|Index||3 reviews in total|
*** This review may contain spoilers ***
This is a coming of age story of a young autistic woman. The reviewer
who sees the mother as abandoning her child to a home is clueless....
just has zero instincts for comprehending autism whatsoever. The
reality is that autistic children grow up into adults who often have to
fend for themselves. Continuing to stay with her mom would have been
the worst thing that could happen to everyone involved, especially for
If you look at this from a totally Aspie viewpoint like me, you would see that the primary issue here is long-term functionality... and long term happiness of everyone involved. There really wasn't any choice in the matter than to leave her in an environment specifically designed by experienced people to help young people like her in her situation to have the absolute best chance at life. Her mom, trying to keep her at home as she had been would be progressively more disastrous. It would result in her staying in the special education class for retarded people.... the best they could offer her would be a chance at at life pushing a broom.... and loading down her mother with an ADOLESCENT autistic who can and does do things like throw desks.... and run away....
If you love someone, set them free.
Beth Broderick and Ashley Rickards star in Janet Grillo's film about a
divorced working mother raising an autistic teen daughter. Rickards won
the Reel Frontier Special Jury Award for best performance at the 2011
Arizona International Film Festival, but other than its Prism Award
nomination for best feature film dealing with mental health, "Fly Away"
has not received it's due share of award recognition.
Fly AwayRickards performance as young, autistic Mandy is baffling, uncomfortable and utterly believable. Not having been familiar with her work prior to viewing "Fly Away", I presumed this was an autistic actor. But then I wondered how possible it would be to direct someone that high on the autism spectrum, and I discovered that she had been on "American Horror Story: Asylum," and now stars in MTV's"Awkward." I marveled at the realistic performance. When you forget you're watching performances, you know you're undergoing a brilliant film experience. Rickards should have been noticed for this performance in a much greater capacity. Yet the film seems to have been off the Academy's radar.
Also in a spot-on natural and moving performance is Beth Broderick ("Sabrina the teenage Witch") as Mandy's mother Jeanne. Her representation of this oh-so patient mom reveals such tender care and empathetic love, that I am not likely to forget soon.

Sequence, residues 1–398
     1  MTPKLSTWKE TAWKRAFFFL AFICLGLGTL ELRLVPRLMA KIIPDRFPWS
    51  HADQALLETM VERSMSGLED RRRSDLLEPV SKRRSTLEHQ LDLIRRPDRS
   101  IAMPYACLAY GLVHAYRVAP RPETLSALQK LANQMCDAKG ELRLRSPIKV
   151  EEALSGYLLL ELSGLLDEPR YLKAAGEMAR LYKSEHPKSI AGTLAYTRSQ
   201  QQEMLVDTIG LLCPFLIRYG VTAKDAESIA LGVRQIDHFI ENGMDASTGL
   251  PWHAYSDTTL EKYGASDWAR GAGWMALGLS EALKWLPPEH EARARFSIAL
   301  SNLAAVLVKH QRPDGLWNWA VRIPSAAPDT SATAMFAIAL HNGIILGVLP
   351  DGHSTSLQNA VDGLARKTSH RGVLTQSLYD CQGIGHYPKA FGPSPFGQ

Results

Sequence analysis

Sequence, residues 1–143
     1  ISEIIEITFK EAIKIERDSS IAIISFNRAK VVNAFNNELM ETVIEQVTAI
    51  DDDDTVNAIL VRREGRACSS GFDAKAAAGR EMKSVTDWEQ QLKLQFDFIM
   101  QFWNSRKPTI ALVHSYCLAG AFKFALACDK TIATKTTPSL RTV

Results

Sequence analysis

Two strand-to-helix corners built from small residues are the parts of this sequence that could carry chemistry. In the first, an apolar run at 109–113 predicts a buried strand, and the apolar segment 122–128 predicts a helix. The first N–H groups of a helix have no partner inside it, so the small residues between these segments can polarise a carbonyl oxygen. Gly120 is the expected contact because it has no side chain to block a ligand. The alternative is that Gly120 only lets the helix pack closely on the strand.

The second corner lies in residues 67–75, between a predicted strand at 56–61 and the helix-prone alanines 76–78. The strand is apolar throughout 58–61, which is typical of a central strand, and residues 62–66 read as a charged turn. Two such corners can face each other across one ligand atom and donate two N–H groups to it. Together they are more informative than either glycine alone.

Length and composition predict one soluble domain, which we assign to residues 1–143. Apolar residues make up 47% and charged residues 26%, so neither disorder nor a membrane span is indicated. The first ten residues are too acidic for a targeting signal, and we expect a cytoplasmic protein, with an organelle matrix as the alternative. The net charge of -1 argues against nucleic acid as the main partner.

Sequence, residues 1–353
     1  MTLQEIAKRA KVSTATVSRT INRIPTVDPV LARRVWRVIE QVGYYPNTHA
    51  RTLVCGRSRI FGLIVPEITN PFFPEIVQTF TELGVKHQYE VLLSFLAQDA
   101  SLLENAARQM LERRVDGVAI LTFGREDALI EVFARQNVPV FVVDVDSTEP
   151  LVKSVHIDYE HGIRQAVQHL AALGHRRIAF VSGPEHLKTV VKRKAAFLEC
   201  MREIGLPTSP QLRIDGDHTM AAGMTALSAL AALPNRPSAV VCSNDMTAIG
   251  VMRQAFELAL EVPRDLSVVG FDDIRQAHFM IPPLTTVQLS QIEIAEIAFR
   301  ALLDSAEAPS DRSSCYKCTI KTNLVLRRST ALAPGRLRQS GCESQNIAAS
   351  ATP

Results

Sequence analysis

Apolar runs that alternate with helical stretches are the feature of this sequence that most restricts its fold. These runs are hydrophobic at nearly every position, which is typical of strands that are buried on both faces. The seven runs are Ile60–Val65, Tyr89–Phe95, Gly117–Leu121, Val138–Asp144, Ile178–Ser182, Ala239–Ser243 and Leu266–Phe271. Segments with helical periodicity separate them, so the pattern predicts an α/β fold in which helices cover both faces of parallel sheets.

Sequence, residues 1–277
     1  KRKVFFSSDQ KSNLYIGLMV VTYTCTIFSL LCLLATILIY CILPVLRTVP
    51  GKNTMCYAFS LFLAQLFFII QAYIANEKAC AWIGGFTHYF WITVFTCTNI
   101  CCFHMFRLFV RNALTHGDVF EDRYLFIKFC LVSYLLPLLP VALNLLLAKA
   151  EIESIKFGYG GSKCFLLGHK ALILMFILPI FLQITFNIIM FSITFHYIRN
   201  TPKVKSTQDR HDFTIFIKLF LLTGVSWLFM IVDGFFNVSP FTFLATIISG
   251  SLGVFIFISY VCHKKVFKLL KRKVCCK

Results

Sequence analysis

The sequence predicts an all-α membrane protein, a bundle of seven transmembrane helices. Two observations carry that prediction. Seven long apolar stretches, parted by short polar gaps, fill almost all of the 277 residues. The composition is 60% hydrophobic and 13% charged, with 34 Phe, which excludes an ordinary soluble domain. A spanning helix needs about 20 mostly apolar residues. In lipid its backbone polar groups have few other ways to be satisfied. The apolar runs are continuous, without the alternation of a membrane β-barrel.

The story is not anything new, but it may be to those who are unaware of how autism affects lives. We live the challenge,if only momentarily, with Jeanne and Mandy. It's a truthful slice of the struggle, and such parental devotion is sure to make us clutch our chests in an effort to hold our hearts as we watch.
"Fly Away" is not an educational film, even though it educates. It is not a docu-drama, even though it documents real struggles. It's not a film that should only be used to teach something or prove a point. It's a well-made, natural work of art. It can (and should) be watched by all who appreciate well-made dramatic films, with wholehearted, real comedic moments.
*** This review may contain spoilers ***
This is such a wonderful film that you will never forget in your life.
It's not "Rainman", no big studio film to entertain masses. "Fly away"
digs so much deeper into reality. It will touch you so deep inside.
The story of Jeanne and her autistic daughter Mandy. It's almost impossible for the mother to manager her life because she always has to take care of her daughter. Even a love romance with the new neighbor looks impossible and so does work when she loses a deal because Mandy deleted some files on her laptop. Jeanne visits a school for autistic kids and has to make the hardest decision in her life: to let Mandy go to live her life and to start living her own life.
There are so many intense scenes between mother and daughter. Even when they go out eating pizza and just having fun people look at Mandy without any understanding and tell her mother if she can't handle her she shouldn't go out with her. One of the most beautiful scenes in this film is when Jeanne already has an car accident because of Mandy's behavior during the drive. Jeanne stops the car and starts crying. Then Mandy sings for her "Ladybird", the song Jeanne always sang to her daughter when she woke up in the middle of the night crying and then she also tells her to breath in and breath out like her mother always did to her.
Ashley Richards gives an impressive performance as Mandy. She is so deep in her role that you just realize in the "Making of" that she is not really autistic. Beth Broderick plays Jeanne very sensitive and heart-touching. She is a great actress and this is one of her best parts ever. Both play their roles without makeup and give up all vanity. Beth is such a beauty she even looks great without makeup.
In the "Making of" everyone talks about their motivation about this project and so we hear that director/writer Janet Grillo has an autistic son and that Beth Broderick's sister works with autistic persons so that is why this film is so impressive.
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